The human circadian system responds to light as low as 30 photopic lux. Furthermore, recent evidence shows that there are huge individual differences in light sensitivity, which may help to explain why some people are more susceptible to sleep and circadian disruption than others. The biological mechanisms underlying the differences in light sensitivity remain largely unknown. A key variable of interest in understanding these individual differences in light sensitivity is biological sex. It is possible that in humans, males and females differ in their sensitivity to light, but the evidence is inconclusive. This is in part due to the historic exclusion of women in biomedical research. Hormonal fluctuations across the menstrual cycle in women has often been cited as a confound by researchers. Attitudes, however, are changing with funding and publication agencies advocating for more inclusive research frameworks and mandating that women and minorities participate in scientific research studies. In this article, we distill the existing knowledge regarding the relationship between light and the menstrual cycle. There is some evidence of a relationship between light and the menstrual cycle, but the nature of this relationship seems dependent on the timing of the light source (sunlight, moonlight, and electric light at night). Light sensitivity may be influenced by biological sex and menstrual phase but there might not be any effect at all. To better understand the relationship between light, the circadian system, and the menstrual cycle, future research needs to be designed thoughtfully, conducted rigorously, and reported transparently.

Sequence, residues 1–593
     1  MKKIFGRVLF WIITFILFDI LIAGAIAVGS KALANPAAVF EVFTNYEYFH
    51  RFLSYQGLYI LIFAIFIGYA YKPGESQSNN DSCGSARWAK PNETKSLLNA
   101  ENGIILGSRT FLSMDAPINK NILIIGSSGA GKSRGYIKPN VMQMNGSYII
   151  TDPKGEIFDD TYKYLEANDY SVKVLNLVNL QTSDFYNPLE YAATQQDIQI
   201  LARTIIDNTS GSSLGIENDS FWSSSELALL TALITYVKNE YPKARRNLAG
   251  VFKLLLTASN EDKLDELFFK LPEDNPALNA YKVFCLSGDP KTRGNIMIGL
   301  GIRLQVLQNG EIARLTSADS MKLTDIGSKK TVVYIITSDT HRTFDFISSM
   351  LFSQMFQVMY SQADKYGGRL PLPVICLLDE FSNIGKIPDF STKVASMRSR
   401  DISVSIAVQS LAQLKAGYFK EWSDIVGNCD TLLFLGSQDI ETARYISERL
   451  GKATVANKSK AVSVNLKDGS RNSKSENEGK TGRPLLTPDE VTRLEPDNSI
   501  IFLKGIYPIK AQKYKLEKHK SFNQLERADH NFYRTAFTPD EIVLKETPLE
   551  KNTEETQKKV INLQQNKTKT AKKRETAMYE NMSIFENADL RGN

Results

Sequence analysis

Keywords: biomedical research; circadian rhythms; light; melatonin; menstrual cycle.